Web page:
Stock Analysis

Should Syngen Biotech Co., Ltd. (GTSM:8279) Be Part Of Your Dividend Portfolio?

TPEX:8279
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Dividend paying stocks like Syngen Biotech Co., Ltd. (GTSM:8279) tend to be popular with investors, and for good reason - some research suggests a significant amount of all stock market returns come from reinvested dividends. Yet sometimes, investors buy a popular dividend stock because of its yield, and then lose money if the company's dividend doesn't live up to expectations.

With a 2.7% yield and a five-year payment history, investors probably think Syngen Biotech looks like a reliable dividend stock. A low yield is generally a turn-off, but if the prospects for earnings growth were strong, investors might be pleasantly surprised by the long-term results. Before you buy any stock for its dividend however, you should always remember Warren Buffett's two rules: 1) Don't lose money, and 2) Remember rule #1. We'll run through some checks below to help with this.

Explore this interactive chart for our latest analysis on Syngen Biotech!

historic-dividend
GTSM:8279 Historic Dividend February 25th 2021

Payout ratios

Dividends are typically paid from company earnings. If a company pays more in dividends than it earned, then the dividend might become unsustainable - hardly an ideal situation. As a result, we should always investigate whether a company can afford its dividend, measured as a percentage of a company's net income after tax. Syngen Biotech paid out 36% of its profit as dividends, over the trailing twelve month period. This is a medium payout level that leaves enough capital in the business to fund opportunities that might arise, while also rewarding shareholders. Plus, there is room to increase the payout ratio over time.

Another important check we do is to see if the free cash flow generated is sufficient to pay the dividend. Unfortunately, while Syngen Biotech pays a dividend, it also reported negative free cash flow last year. While there may be a good reason for this, it's not ideal from a dividend perspective.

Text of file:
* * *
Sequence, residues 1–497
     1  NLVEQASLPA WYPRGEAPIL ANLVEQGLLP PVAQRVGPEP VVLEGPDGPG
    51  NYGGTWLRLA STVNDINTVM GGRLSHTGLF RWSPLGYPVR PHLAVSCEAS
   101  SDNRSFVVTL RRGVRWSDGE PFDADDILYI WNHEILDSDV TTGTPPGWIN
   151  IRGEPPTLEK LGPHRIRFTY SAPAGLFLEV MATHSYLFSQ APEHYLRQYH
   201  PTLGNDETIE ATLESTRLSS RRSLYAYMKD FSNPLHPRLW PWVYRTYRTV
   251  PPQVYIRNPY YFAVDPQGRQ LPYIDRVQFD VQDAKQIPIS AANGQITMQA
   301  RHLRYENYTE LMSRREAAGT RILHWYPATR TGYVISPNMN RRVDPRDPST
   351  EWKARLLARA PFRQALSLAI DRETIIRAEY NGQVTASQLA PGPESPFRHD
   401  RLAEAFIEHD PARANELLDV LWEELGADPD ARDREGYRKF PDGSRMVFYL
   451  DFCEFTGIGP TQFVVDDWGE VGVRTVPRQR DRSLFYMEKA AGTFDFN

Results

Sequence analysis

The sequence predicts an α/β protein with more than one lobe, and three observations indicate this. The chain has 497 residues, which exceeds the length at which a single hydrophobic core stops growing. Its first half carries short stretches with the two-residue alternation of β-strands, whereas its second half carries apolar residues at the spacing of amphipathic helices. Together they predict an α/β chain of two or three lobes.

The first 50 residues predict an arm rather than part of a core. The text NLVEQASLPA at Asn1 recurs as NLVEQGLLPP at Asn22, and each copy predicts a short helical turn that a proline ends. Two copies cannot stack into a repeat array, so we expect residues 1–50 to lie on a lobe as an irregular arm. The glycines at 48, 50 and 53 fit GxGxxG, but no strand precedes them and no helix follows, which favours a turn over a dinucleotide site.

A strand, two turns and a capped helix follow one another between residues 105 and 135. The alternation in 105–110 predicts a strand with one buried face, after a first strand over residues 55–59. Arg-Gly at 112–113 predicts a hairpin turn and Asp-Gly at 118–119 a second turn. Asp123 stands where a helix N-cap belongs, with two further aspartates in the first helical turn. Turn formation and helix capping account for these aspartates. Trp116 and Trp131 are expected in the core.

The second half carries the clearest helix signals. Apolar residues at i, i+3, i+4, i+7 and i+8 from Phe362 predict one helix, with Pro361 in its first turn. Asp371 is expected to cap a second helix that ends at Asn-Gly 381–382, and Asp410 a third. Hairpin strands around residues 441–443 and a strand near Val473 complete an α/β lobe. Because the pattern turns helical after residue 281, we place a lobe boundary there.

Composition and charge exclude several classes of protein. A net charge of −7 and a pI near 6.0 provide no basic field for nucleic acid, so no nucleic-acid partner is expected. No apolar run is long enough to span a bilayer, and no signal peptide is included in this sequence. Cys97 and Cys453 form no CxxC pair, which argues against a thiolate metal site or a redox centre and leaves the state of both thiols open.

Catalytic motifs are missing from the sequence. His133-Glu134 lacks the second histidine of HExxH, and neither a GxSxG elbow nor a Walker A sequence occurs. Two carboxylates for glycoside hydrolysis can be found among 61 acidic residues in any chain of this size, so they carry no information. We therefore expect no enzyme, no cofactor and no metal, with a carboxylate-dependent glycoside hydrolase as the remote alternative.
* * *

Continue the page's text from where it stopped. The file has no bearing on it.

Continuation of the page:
With a strong net cash balance, Syngen Biotech investors may not have much to worry about in the near term from a dividend perspective.

We update our data on Syngen Biotech every 24 hours, so you can always get our latest analysis of its financial health, here.

Dividend Volatility

From the perspective of an income investor who wants to earn dividends for many years, there is not much point buying a stock if its dividend is regularly cut or is not reliable. Looking at the data, we can see that Syngen Biotech has been paying a dividend for the past five years. During the past five-year period, the first annual payment was NT$0.5 in 2016, compared to NT$3.0 last year. Dividends per share have grown at approximately 46% per year over this time.

We're not overly excited about the relatively short history of dividend payments, however the dividend is growing at a nice rate and we might take a closer look.

Dividend Growth Potential

While dividend payments have been relatively reliable, it would also be nice if earnings per share (EPS) were growing, as this is essential to maintaining the dividend's purchasing power over the long term. It's good to see Syngen Biotech has been growing its earnings per share at 19% a year over the past five years. Earnings per share have been growing at a good rate, and the company is paying less than half its earnings as dividends. We generally think this is an attractive combination, as it permits further reinvestment in the business.

We'd also point out that Syngen Biotech issued a meaningful number of new shares in the past year. Trying to grow the dividend when issuing new shares reminds us of the ancient Greek tale of Sisyphus - perpetually pushing a boulder uphill. Companies that consistently issue new shares are often suboptimal from a dividend perspective.

Conclusion

Dividend investors should always want to know if a) a company's dividends are affordable, b) if there is a track record of consistent payments, and c) if the dividend is capable of growing. Syngen Biotech has a low payout ratio, which we like, although it paid out virtually all of its generated cash. Next, earnings growth has been good, but unfortunately the company has not been paying dividends as long as we'd like. Ultimately, Syngen Biotech comes up short on our dividend analysis. It's not that we think it is a bad company - just that there are likely more appealing dividend prospects out there on this analysis.

It's important to note that companies having a consistent dividend policy will generate greater investor confidence than those having an erratic one. At the same time, there are other factors our readers should be conscious of before pouring capital into a stock. For example, we've identified 2 warning signs for Syngen Biotech (1 makes us a bit uncomfortable!) that you should be aware of before investing.

We have also put together a list of global stocks with a market capitalisation above $1bn and yielding more 3%.

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This article by Simply Wall St is general in nature. It does not constitute a recommendation to buy or sell any stock, and does not take account of your objectives, or your financial situation. We aim to bring you long-term focused analysis driven by fundamental data. Note that our analysis may not factor in the latest price-sensitive company announcements or qualitative material. Simply Wall St has no position in any stocks mentioned.
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